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Removers Blamed for Lack of Skilled Labour

19th October 1956
Page 61
Page 61, 19th October 1956 — Removers Blamed for Lack of Skilled Labour
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Which of the following most accurately describes the problem?

Keywords : Packaging, Pallet, G

By Alan Smith, F.R.S.A.

N0 punches were pulled by speakers. at the autumn conference of the National Association of Furniture Warehousemen arid Removers in London last week, and the discussion was livelier than at any N.A.F.W.R. conference for several years. About 80 delegates attended. Mr. R. T. Lomath. who for some years has worked hard to promote the educational activities of the Institute of the Furniture Warehousing and Removing Industry, began the session by complaining strongly about lack of recog nition and support for them. The Institute, which was highly skilled and efficient, he claimed, received little credit for its enterprise and achievement. He believed that the •efforts of a few were negatived by the apathy and failure of the many. because the trade was not yet fully alive to the imperative need for education in removals. The Institute had 700 members, whereas 1.100 operators belonged to the Association. This was not good enough, said Mr. Lomath. It was useless for managements to complain that they could not find good staff if they failed to support a scheme designed to produce the right men.

Mr. W. lsard. president. endorsed Mr. Lomath's remarks, but said that for some time the view would prevail that it was useless to employ trained, skilled estimators when competition was forthcoming from cut-price operators. The president nevertheless felt that it was important for members to progress along the lines laid down by the Institute. The more trained young estimators there were, the more operators there would be working at economic rates.'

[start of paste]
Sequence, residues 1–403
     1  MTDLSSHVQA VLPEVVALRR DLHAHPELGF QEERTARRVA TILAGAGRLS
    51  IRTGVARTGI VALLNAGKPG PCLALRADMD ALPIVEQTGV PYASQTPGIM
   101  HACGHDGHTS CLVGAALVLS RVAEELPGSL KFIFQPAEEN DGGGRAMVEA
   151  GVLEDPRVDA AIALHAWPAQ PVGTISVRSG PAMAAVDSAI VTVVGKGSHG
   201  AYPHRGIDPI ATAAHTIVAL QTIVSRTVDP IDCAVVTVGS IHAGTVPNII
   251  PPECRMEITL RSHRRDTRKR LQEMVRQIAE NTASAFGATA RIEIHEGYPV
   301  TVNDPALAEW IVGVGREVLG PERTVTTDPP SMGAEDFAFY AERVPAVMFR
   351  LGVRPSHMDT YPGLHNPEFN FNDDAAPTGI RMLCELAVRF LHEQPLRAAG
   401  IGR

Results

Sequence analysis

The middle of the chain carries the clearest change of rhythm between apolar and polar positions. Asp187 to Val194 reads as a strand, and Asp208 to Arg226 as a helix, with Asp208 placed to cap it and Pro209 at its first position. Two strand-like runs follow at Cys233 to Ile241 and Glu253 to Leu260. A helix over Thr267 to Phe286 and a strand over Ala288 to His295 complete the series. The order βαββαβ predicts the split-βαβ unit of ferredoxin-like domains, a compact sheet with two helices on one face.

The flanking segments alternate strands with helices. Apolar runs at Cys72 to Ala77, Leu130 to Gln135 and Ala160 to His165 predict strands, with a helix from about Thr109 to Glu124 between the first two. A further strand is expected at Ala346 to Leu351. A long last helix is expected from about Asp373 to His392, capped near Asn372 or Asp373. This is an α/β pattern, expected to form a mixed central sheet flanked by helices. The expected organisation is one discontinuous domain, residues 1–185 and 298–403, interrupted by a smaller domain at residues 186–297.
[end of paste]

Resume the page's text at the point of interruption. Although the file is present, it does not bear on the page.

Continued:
Advertising Ban Attacked

NAL L. G. BOSLEY attacked the by law in the N.A.F.W.R. constitution prohibiting members from advertising the availability of vans travelling between specified districts, or publishing announcements implying that return loads could be arranged at reduced prices. The object of this rule was to help maintain an economic level of prices, but, said Mr. Bosley, nonmembers not restricted by it were gaining the major part of available business.

The by-law discouraged non-members from joining the Association. Many had built up their business by advertising in a manner barred to members. If the N.A.F.W.R. wanted more good-class removers in its ranks, its house had to be put in order.

Mr. R. Saunders supported NI, Bosley. In. his locality—Bournemouth —members were outnumbered by nonmembers by two to one and were "hamstrung" by the by-law. Business was being given away to non-members because of the Association's "archaic outlook:: He admitted that many long teturn journeys were being. run empty and that service Might deteriorate. If the by-law were not changed, his company would have to consider resigning from N.A.F.W.R.

Discussion on these speakers' comments turned Mainly on the ethics of low-cost return loads rather than the effects of the by-law complained of. Cheap return running was deplored by most speakers and in their Minds the by-law was an antidote to it.

Mr. F. W. H. Winwood, Mr. A. G. Coombe and Mr. D. Pearce reflected the majority opinion that the rule should remain unchanged, whilst Mr. G. McIntosh thought that an alteration would be the beginning of a rot setting in. In time, removers would be expected to offer customers credit facilities.

Mr. lsard asked Mr. Saunders fully

to consider the • advantages of N.A.F.W.R. membership before contemplating resignation.